Arc Forumnew | comments | leaders | submitlogin
1 point by akkartik 3782 days ago | link | parent

Nice exagesis, thanks.

"Even to fix this like you suggest, by making the hash-to-a-symbol function customizable, you only get to have one function"

I'm not sure I follow. I was thinking, for example, that defgeneric would take an optional arg that is type by default. So for example if you want an unserialize generic function, where all serialized types are lists, the function you pass in may be car. Or am I misunderstanding your objection?

2 points by rocketnia 3779 days ago | link

Sure, that's what I thought you were saying. ^_^ What I'm trying to say is that, no matter whether the argument is 'type or 'car or something else, once you decide what it is, you've limited the cases that an extension can test for. Someone loading a library and wanting to write an extension for it is limited based on an assumption the library creator made, in a way that they aren't limited when using 'extend.

I'm finding your pickle idea sort of intriguing. What if there were only a single pickle function (or one per defgeneric), which was extensible, and then selecting a method worked by trying to convert the arguments over as little pickle-distance as possible before getting to something that could be matched to a parameter list? Hmm, what I mean is something like this:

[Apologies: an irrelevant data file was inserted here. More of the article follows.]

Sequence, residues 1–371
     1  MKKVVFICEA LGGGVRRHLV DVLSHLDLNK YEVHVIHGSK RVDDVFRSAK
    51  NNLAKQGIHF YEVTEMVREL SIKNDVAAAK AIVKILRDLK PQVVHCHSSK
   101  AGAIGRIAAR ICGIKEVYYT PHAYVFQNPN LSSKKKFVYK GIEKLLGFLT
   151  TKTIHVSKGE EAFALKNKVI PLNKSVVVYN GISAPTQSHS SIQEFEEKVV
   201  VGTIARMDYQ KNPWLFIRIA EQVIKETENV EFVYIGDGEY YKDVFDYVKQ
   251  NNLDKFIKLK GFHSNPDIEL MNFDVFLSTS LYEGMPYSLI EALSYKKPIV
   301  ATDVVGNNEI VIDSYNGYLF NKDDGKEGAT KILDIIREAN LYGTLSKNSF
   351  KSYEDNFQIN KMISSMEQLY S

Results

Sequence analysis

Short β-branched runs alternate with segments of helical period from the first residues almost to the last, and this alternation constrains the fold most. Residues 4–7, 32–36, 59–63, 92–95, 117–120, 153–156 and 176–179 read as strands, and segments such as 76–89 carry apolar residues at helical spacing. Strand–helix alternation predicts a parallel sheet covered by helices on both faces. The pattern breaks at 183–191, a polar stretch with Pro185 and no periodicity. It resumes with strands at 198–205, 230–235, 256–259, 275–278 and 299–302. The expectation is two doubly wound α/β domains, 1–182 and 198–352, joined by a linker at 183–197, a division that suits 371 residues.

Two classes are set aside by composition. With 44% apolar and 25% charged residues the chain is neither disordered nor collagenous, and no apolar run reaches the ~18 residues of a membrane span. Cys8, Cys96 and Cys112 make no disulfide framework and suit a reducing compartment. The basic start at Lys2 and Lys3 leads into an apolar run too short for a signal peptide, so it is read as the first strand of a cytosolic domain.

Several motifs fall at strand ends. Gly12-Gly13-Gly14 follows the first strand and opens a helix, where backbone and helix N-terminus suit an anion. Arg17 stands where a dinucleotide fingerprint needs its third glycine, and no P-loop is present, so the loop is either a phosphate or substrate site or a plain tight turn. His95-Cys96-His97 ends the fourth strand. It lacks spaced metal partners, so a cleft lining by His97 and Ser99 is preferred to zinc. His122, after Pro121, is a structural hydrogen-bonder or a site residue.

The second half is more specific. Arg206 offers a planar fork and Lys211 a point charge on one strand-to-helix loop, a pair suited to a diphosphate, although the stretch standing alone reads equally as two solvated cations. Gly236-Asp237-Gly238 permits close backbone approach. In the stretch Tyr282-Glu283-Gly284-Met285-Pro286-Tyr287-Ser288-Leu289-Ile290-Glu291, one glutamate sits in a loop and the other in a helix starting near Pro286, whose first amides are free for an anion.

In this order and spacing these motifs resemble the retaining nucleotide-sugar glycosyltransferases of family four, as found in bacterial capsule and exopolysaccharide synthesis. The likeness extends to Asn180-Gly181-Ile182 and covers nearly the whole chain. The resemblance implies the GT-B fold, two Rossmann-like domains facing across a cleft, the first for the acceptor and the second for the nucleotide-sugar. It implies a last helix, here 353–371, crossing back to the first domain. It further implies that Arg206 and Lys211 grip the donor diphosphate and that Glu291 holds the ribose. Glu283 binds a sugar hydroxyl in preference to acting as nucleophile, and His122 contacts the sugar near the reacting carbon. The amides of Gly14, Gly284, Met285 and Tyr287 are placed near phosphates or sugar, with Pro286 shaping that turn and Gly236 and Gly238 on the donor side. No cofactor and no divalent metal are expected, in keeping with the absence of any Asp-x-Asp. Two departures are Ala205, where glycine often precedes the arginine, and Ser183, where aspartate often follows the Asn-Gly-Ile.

To see if a multimethod can be called without pickling:
    If the actual arguments match exactly one parameter list, yes.
    If they match none, no.
    If they match two or more parameter lists, there's an error.

  To call a multimethod:
    For N = 0 to infinity...
      For each choice of N argument indices, allowing duplicates...
        The pickled arguments are the arguments after pickling each
           chosen index, pickling multiply chosen indices multiple
        If any of the arguments couldn't be pickled that many times, try
           the next choice of N indices instead.
        If the multimethod can be called with the pickled arguments
           without pickling further, keep track of these pickled
      If we had no legal choices during our loop, there's an error.
      If we've kept track of more than one callable pickle combination,
        there's an error.
      If we've kept track of exactly one, make the call and stop.
This is rather horribly inefficient, but hopefully it gets my idea across.

Despite the fact that I'm bringing up this idea, I'm not sure I agree with it. Who's to say that two picklings of the first argument is a more extreme case than one pickling of the second argument? It's just a thought, I guess.